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AG Nessel Urges Swift Action on Federal Proposal to Protect Workers and Ensure Greater Accountability
December 12, 2022
LANSING – Michigan Attorney General Dana Nessel joined a coalition of 18 attorneys general, led by California, the District of Columbia, New York, and Pennsylvania, in a comment letter urging swift action on a new federal proposal aimed at better protecting workers and ensuring greater accountability in the workplace.
In the comment letter, the coalition strongly supports the National Labor Relations Board’s (NLRB) proposed rule regarding standards for determining whether an entity qualifies as a joint employer, i.e., a secondary employer who shares or codetermines matters governing the essential terms and conditions of employment. Even where they are not the direct employer, joint employers are subject to liability for violations of labor laws. The NLRB’s current proposal would rescind and replace a 2020 final rule that took effect during the Trump Administration, which unlawfully shielded companies from liability and exposed millions of workers to harmful and unfair labor practices. In contrast, the current proposal seeks to ensure all controlling companies are accountable and returns the joint employer standard to one that better reflects contemporary employment relationships in the 21st century.
"The previous rule regarding joint employers was not only contrary to the common-law understanding of these types of employers, it was also unnecessarily limiting to workers' abilities to redress grievances," Nessel said. "Our labor laws should reflect the reality of contemporary employment, which may include direct and indirect employers. Both types should be held accountable to federal labor standards, and I am proud to join my colleagues in supporting NLRB's proposed rule."
In today’s economy, joint employer relationships are common. Joint employment frequently involves workers who, while directly employed by a subcontractor, ultimately perform work for the benefit of a larger company. For example, corporations have trended toward outsourcing large subsets of their workforce, such as janitorial and security services. In addition, the COVID-19 pandemic has resulted in staffing shortages in many sectors, such as healthcare and logistics. This in turn may increase demand for temporary workers, who are typically hired by temporary staffing agencies and assigned to a company. These companies may outsource whole functions of their businesses to downstream agencies to cut costs. But these companies often still reserve or exercise control over the downstream company’s employees, whether directly or indirectly, and thus, must share liability for violations of those employees’ rights under labor and employment laws.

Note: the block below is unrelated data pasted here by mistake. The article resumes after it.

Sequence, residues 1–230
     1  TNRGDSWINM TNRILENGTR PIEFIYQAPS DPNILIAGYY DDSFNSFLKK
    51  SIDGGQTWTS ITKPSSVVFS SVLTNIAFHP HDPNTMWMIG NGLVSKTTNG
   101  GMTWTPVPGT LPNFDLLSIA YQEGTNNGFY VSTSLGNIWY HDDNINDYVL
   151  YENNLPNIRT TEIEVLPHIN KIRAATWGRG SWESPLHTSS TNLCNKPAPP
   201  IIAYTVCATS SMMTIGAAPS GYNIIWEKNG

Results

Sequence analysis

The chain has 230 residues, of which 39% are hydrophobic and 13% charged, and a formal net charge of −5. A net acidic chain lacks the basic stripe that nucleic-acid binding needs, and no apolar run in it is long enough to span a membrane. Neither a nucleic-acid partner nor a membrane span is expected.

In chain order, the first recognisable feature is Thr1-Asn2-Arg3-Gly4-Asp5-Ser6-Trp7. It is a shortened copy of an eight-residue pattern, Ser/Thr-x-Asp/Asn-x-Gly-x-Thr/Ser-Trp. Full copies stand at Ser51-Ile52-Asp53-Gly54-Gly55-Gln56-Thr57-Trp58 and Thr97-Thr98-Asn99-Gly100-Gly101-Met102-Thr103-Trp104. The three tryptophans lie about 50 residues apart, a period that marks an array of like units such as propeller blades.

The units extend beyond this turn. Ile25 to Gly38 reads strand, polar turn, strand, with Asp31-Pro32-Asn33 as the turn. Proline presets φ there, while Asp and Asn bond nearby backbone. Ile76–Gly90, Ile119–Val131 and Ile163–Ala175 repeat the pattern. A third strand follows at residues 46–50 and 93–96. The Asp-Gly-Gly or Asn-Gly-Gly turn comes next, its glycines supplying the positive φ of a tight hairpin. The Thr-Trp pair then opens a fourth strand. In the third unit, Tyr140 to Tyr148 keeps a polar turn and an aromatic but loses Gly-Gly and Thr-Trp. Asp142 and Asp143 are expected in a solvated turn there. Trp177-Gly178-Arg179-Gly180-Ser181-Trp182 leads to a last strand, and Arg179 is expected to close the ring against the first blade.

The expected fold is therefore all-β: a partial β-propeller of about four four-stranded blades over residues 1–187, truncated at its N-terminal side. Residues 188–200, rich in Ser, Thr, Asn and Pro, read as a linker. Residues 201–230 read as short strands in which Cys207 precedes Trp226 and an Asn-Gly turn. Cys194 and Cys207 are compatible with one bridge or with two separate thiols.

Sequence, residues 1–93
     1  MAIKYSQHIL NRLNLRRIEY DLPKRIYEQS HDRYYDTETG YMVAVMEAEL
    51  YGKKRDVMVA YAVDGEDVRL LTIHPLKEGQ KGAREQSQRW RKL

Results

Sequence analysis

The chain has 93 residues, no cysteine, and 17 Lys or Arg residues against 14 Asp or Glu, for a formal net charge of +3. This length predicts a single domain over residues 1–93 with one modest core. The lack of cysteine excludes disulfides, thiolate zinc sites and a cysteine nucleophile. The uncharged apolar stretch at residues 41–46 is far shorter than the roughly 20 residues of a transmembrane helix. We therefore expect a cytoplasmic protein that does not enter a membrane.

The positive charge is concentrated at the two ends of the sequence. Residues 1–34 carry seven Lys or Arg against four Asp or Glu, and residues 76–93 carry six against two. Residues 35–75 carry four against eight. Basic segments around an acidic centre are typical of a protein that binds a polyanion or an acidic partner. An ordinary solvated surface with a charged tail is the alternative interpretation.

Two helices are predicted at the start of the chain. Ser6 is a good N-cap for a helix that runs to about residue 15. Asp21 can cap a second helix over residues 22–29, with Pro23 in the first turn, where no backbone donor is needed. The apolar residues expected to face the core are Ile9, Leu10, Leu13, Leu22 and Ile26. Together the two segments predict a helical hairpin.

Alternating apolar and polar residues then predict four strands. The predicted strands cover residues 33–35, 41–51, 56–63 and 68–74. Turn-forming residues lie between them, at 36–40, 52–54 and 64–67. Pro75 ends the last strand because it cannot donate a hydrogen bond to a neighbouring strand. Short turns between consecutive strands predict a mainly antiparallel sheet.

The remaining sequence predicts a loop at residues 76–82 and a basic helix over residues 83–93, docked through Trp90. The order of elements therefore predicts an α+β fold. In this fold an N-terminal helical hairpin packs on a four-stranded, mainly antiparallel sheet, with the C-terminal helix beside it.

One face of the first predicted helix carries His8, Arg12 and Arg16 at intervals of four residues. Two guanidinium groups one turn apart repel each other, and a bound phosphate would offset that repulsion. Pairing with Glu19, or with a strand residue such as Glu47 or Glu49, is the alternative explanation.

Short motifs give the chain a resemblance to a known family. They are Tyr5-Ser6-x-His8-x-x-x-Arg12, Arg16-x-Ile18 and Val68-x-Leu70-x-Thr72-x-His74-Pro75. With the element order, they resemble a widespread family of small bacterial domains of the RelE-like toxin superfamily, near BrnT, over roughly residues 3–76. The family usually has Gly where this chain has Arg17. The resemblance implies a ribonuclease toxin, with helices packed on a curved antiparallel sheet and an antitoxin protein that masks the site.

Accordingly, the joint employer standard, when appropriately defined, is incredibly important for ensuring accountability and protecting against violations of workers’ rights. The Trump-era rule significantly narrowed the circumstances in which an entity that exercised control over workers could be held legally accountable for federal labor law violations. The current NLRB proposal instead ensures fairness in the workplace and reaffirms that indirect control over essential terms and conditions of employment must be considered in determining joint employer status. Joint employer liability is critical to driving compliance with employment laws. Upstream companies generally exercise greater power to effectuate broader compliance, either through subcontractors or as a result of their influence and stature in the industry. As a result, holding upstream companies accountable as joint employers has pronounced compliance effects that reverberate throughout an industry.
In the comment letter, the attorneys general further assert that the proposed rule:
- Is consistent with the statutory purpose of the National Labor Relations Act;
- Provides certainty to the public about the NLRB’s joint employer standard by making it consistent with common law;
- Offers greater guidance regarding the relevance of indirect control; and
- Complies with the Administrative Procedure Act.
In filing the comment letter, AG Nessel joins the attorneys general of California, the District of Columbia, New York, Pennsylvania, Colorado, Connecticut, Delaware, Illinois, Maryland, Massachusetts, Minnesota, Nevada, New Jersey, North Carolina, Oregon, Rhode Island, and Washington.